Monday, March 07, 2005 | On Friday, Oct. 8, 1954, the Abilene High School Eagles beat the Borger Bulldogs, 34-7, at Fair Park Stadium in Abilene, Texas.

I was there. I was in the sixth grade.

The Eagles did not lose another football game until I was in the ninth grade, in December 1957. In the interim, Abilene High won 49 straight football games and three straight state championships in the large-city classification.

Team of the Century

Last year, the 50th anniversary of that first victory, I researched, wrote and published a book, “Warbirds – How They Played the Game,” to commemorate the streak. There is a copy in the San Diego City Library. The project began as nothing more than a journalist’s assignment to re-create history, restore long-forgotten details of that team and its achievements for a city that remembered maybe five or six highlights of the streak.

But before I was halfway through, I realized the heart of the book was not about football at all. It was about values and principles.

Coach Chuck Moser

That philosophy, organized into rules and policies, set into motion the Eagles’ ultimate success before the first football was ever snapped at Chuck Moser’s first spring practice in March 1953. The system was unabashedly virtuous and a literal manifestation of the sportswriter Grantland Rice’s famous declaration made during a more virtuous age: “When the One Great Scorer comes to write against your name, he marks – not that you won or lost – but how you played the game.”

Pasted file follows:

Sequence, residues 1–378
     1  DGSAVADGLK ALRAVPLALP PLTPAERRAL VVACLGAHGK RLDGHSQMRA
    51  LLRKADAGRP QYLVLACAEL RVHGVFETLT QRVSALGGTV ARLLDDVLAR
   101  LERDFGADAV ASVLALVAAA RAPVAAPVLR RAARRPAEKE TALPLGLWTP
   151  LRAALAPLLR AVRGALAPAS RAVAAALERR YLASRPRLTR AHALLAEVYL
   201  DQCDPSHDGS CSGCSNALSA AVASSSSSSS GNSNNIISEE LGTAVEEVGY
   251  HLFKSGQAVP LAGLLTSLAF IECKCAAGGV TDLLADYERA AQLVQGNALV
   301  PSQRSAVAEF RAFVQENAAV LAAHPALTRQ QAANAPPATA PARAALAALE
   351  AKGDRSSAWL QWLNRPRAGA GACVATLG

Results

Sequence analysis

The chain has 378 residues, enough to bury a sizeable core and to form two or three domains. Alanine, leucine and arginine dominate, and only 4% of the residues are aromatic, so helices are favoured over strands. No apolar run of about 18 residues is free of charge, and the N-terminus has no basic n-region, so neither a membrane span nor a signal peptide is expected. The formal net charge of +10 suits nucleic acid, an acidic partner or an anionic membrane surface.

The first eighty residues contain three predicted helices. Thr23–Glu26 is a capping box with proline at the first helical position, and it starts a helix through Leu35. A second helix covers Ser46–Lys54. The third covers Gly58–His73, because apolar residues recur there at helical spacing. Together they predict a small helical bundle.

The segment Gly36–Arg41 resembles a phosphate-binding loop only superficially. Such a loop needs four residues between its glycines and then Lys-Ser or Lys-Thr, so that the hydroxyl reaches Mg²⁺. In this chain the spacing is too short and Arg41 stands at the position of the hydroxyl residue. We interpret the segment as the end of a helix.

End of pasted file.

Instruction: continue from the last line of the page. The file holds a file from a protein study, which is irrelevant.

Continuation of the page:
Before the book was completed, “How They Played the Game” had become the subtitle, and it describes precisely the content of the book. It tells how the coach gave his team its best chance to win – the best that any coach can do – with a system based not only on rules of football, but rules of living. And the coach lived the system. He knew he had to, but he did it because he wanted to. There is a difference. Very quickly, he was not only the high school football coach, he was a Sunday School teacher, and a civic leader, and president of the local Kiwanis Club.

The True History

Moser’s teaching re-emerged in a time in which winning without principle has become the saddest form of defeat. His story, and the proof of his story in his Eagle teams, is not only for Texans wishing to recall some football glory days. The story comes to a national audience that in 2005 not only knows, but fears, what has been lost to the greedsters, and feels a strong yearning for what might be regained if principle is recovered, and the value of values is practiced once more. It is a history that should be repeatable in America, and in San Diego. We could sure use a winning streak. All we need is a leader.

Journalist, author and educator Michael Grant has been putting his spin on San Diego, and the city putting its spin on him, since 1972.

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